St. Teresa, Prayer and the Gift of Contemplation

St. Teresa of Avila was born in Spain in 1515. She is most known for her spiritual perfection and for the many mystical revelations that she received. After entering the Carmelite Order as a young woman, she soon began to have a desire to live her religious life more ardently. This caused her to attract many companions and eventually lead to the reform of the Carmelite Order. St. Teresa wrote several treatises on the topic of prayer. She is one of the few women that have been declared a Doctor of the Church. She died in 1582 in Alba de Tormes, Spain. Her feast day is today, October 15th.

Before she even begins to write about prayer in The Way of Perfection, St. Teresa says she will “mention some things that are necessary for those who seek to follow the way of prayer.” These things are so necessary that she says if one does not possess these, it is impossible to be a contemplative. So what are these things? 

“The first of these is love for one another; the second is detachment from created things; the third is true humility, which even though I speak of it last, is the main practice and embraces all the others.” (Way of Perfection 4: 4)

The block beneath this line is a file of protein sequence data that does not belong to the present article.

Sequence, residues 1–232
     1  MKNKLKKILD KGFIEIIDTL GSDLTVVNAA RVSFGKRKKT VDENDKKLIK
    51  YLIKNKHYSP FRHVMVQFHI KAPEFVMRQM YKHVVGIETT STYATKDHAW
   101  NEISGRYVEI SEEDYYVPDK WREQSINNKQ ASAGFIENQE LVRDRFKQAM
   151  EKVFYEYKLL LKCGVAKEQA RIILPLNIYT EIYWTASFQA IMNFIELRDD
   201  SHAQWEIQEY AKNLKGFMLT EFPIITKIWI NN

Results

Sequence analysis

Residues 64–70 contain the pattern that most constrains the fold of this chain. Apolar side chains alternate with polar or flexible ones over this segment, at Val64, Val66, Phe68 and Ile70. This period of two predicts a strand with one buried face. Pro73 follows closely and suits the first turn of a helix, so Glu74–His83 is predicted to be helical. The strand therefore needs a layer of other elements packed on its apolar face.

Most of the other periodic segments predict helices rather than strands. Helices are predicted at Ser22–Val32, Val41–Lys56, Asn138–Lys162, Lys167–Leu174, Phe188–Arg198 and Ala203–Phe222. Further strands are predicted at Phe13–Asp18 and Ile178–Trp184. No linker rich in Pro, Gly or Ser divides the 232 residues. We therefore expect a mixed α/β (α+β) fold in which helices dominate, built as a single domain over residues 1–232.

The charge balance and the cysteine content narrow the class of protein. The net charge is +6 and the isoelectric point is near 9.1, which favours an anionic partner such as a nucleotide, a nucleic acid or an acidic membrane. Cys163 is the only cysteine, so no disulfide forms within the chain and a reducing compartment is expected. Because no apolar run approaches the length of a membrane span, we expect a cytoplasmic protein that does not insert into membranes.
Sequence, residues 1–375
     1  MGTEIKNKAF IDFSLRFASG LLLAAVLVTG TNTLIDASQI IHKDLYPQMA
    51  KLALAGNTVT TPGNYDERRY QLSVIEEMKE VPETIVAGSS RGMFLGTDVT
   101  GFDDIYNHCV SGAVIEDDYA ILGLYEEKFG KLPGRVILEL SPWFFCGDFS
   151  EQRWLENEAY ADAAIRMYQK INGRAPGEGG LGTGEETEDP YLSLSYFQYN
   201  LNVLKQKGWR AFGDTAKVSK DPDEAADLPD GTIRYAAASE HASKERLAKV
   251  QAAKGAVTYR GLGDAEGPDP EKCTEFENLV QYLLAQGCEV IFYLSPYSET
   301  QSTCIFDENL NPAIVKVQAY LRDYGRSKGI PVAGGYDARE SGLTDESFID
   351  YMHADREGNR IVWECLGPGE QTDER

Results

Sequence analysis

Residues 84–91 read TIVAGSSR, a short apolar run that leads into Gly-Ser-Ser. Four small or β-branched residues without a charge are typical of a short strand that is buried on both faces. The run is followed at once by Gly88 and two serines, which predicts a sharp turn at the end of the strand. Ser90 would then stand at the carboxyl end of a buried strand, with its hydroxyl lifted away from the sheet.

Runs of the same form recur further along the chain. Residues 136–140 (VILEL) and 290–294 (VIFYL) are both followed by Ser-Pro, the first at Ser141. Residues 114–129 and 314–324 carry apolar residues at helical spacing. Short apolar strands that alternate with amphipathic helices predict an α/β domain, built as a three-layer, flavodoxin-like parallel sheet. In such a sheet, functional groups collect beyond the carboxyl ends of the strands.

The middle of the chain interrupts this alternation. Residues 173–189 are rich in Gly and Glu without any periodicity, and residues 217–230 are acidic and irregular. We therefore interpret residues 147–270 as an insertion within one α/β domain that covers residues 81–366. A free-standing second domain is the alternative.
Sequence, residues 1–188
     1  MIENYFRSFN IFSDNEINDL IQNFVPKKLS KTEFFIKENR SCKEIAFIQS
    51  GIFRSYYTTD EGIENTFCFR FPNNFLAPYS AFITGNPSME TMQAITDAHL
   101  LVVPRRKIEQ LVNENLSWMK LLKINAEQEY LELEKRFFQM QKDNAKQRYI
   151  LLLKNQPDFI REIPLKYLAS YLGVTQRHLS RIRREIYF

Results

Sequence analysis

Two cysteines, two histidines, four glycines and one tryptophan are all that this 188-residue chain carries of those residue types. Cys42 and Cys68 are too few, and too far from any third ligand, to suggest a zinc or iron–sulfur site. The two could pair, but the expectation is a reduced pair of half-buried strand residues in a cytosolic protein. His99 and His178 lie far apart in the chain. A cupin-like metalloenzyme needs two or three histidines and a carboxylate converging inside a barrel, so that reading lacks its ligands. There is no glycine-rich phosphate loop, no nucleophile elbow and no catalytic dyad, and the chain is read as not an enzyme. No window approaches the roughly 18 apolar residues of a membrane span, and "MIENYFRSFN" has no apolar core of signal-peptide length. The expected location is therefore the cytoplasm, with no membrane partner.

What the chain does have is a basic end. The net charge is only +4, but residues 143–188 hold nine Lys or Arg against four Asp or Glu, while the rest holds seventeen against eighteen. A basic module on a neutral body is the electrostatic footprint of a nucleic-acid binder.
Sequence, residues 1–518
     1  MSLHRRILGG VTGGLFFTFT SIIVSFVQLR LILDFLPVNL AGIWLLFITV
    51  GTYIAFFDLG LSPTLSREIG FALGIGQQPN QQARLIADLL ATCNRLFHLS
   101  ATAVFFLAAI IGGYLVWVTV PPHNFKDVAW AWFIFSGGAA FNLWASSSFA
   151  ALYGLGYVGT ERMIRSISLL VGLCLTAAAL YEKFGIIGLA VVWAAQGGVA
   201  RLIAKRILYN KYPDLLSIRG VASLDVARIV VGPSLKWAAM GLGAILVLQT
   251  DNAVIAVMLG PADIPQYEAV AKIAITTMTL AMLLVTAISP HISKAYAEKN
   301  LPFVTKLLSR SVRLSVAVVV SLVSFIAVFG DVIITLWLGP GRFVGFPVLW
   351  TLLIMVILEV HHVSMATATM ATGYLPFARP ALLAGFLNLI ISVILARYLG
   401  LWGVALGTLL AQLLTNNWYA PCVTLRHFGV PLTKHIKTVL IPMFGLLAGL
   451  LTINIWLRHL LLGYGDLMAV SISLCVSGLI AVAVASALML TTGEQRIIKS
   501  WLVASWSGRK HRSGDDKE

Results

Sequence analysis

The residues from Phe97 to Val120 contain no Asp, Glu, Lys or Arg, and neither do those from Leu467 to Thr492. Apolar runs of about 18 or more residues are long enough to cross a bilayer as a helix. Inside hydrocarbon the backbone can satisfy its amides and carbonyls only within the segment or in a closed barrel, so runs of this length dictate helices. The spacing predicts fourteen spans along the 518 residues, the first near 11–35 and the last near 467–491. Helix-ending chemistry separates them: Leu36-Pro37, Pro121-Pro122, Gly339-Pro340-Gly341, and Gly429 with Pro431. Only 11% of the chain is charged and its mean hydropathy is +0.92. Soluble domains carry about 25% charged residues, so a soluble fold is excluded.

St. Teresa was keenly aware that the practice of the virtues is what supports prayer. Key to the spiritual life are these three: love, detachment, and humility. Love, of course, is first. It is love that moves us to pray, and it is love that is the greatest commandment: love God and love neighbor. It follows that some sort of detachment is also necessary because this virtue involves our choices. Our heart loves and is centered on what we love and desire and often these are not leading us to intimacy with God. Humility, which is next, but most importantly, is about the truth. The truth we are mainly concerned with is the truth about ourselves. An aid to the truth about ourselves is an honest examination of all areas of our lives and determining what is in need of repentance, where are our failures, and what are our sins, but also necessary is a look at our attitudes that may need to be pruned and gifts which may need to be cultivated.